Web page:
Deep Inside Hollywood – June 10, 2016

By Romeo San Vicente

Film to turn back time

LGBT film has moved past the moment when virtually all the stories produced were about AIDS, but that doesn’t mean that there aren’t many more stories to tell about the trauma and devastation of the first wave of the disease. “After Louie,” a film by first-time feature director Vincent Gagliostro, co-written by Antony Johnston, will look at the perspectives of two generations of men on either side of the timeline. Alan Cumming has been cast as an older artist and activist, a man who survived the ’80s and ’90s, and who now finds himself in a relationship with a younger man (Zachary Booth) for whom the era is something only heard about secondhand. The film is in the middle of a Kickstarter funding campaign, but the technical team and cast are ready to go: attached in supporting roles are Wilson Cruz, David Drake, Justin Vivian Bond and Joey Arias. We wish them all the Kickstarter luck in the world, but could some power-gay producer just step in and handle this, please? You know who you are. 

Ellen DeGeneres at the 41st Annual People's Choice Awards held a

(Photo by Starfrenzy)

DeGeneres launches a network

While you weren’t paying attention, Ellen DeGeneres was gently promoting digital content on daytime TV, making YouTube, Vine and Snapchat understandable and accessible to an entire population usually ignored by those platforms. Who cares if some of it is remedial (like explaining Ryan Gosling “Hey Girl” memes years after their inception)? The point is that she’s basically explaining the internet to people who didn’t know they wanted to care. And this is why her next step as an all-powerful mogul is so potentially lucrative. She’s launching the “Ellen Digital Network,” a programming slate that includes the “Damn, Daniel” kids, an animated series about her own pets called “Ellen’s Pet Dish,” new episodes of “Dance Challenge,” a user-generated content show called #MadeByYou, the “Ellen Show” game called “Epic or Fail,” and a content development deal with social media star Tyler Oakley. Bottom line: Ellen is taking your mom into the future with her and you’ll know your own life has jumped the shark when she makes a show out of unicycling frog meme, “Here Come Dat Boi.”

Noahs Arc’ reunited

Do you miss “Noah’s Arc”? You probably do. Because, frankly, it’s not like anyone in the world of basic cable was lining up to make television programs about the lives of gay black men before it arrived. And furthermore, how many have there been since? Exactly. So when former “Arc”-er Doug Spearman directed his first feature, the LGBT film festival favorite “Hot Guys with Guns,” it gave us hope for more to come. Well, now something new is coming. Spearman’s latest directorial effort, “From Zero to I Love You,” will tell the story of a gay man (played by “Noah’s Arc” alum Darryl Stephens) who rejects his friends’ and family’s effort to set him up with Mr. Right, all because he can’t resist the thrill of chasing heterosexual men — the kind with wives. Yes, yes, yes, the gay shame of it all, but still a fascinating idea for a story in a world where gay culture is beating the drum for everybody settling down and getting adorably married. Why not a romance about wanting, and possibly getting, the one you can’t have? More on this one as it slowly winds its way to release.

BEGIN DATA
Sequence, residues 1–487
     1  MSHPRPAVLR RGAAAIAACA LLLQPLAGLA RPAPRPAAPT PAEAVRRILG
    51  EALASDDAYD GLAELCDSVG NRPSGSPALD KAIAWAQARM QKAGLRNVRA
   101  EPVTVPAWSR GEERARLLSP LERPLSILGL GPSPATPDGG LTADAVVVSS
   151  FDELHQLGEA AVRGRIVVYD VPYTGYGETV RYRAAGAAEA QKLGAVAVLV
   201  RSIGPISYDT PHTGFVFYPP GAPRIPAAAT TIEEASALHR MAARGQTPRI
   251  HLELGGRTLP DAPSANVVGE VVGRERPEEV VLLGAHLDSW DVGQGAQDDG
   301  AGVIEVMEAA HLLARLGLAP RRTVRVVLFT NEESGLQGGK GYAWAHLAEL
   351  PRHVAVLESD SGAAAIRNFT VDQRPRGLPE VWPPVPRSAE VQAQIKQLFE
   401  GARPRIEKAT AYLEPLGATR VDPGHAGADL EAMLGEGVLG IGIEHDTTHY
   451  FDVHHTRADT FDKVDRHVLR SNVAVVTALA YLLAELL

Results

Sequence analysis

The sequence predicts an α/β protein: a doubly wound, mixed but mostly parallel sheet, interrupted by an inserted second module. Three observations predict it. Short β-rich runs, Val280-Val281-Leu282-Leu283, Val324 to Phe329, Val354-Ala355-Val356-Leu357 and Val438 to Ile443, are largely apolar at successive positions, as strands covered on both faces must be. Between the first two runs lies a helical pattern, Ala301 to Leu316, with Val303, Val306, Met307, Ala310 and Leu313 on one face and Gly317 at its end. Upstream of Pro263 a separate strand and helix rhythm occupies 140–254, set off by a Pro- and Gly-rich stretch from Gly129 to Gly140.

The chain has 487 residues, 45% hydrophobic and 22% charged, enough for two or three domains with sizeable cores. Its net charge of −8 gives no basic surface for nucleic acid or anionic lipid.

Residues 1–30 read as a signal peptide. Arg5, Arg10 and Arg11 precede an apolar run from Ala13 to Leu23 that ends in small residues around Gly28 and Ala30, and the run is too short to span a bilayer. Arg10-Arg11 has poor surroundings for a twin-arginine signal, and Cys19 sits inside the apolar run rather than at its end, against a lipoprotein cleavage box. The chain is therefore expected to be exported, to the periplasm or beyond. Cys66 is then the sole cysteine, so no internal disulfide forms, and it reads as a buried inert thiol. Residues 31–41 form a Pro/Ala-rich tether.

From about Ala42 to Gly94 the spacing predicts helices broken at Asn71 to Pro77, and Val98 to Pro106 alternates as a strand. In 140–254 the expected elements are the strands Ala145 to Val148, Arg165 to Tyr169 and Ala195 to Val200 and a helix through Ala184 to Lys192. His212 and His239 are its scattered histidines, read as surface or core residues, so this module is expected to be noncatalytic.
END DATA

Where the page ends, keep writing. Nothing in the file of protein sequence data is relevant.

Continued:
From “Mad Men” to “Soldier Girl”

Still not sure who Teyonah Parris is? Then you’re not watching the right stuff. Already called the “Next Big Thing” by industry trade The Hollywood Reporter, Parris made a big impression as Dawn, the first black secretary hired on “Mad Men,” before moving on to Justin Simien’s feature “Dear White People” and starring in Spike Lee’s “Chi-Raq.” And now she’s in talks to star in “Buffalo Soldier Girl,” to be directed by Christine Swanson (the upcoming TV movie “The Miki Howard Story”) from an original script by 2015 Texas Writer of the Year, author Sarah Bird. Set up by the production company Pantheon of Women, the script is based on the true story of a woman named Cathy Williams, who, disguised as a man, enlisted and fought with the African American post-Civil-War-era Buffalo Soldiers. The film is expected to shoot in Texas this fall for a 2017 release. Be on the lookout for this one.

Lange and Sarandon feuding?

By now, if you even come close to other human beings who have access to the internet, you’ve already heard about this one: Susan Sarandon and Jessica Lange will play Bette Davis and Joan Crawford, respectively, in Ryan Murphy’s new eight-part limited series, “Feud.” Murphy’s TV domination is an uncontested fact these days, recently bolstered by the sweeping critical approval and great ratings of “American Crime Story: The People v. O.J. Simpson”. And this latest effort is going to be catnip to baby boomer and senior-age gay men who grew up obsessed with the very real ongoing battle between Crawford and Davis, two stars who loved to hate each other so much that their stunning early 1960s collaboration, “Whatever Happened to Baby Jane?” felt more like real life than fiction. Our not-so-secret wish, though, is for some women on the writing staff to have a Marcia Clark-level of empathy for these two vintage Hollywood warriors. The last thing anyone needs is a typical gay male wallowing in comic misogyny. Look, someone has to say this stuff out loud, you know? 

—Romeo San Vicente never feuds, he merely triumphs quietly in all ways. He can be reached at

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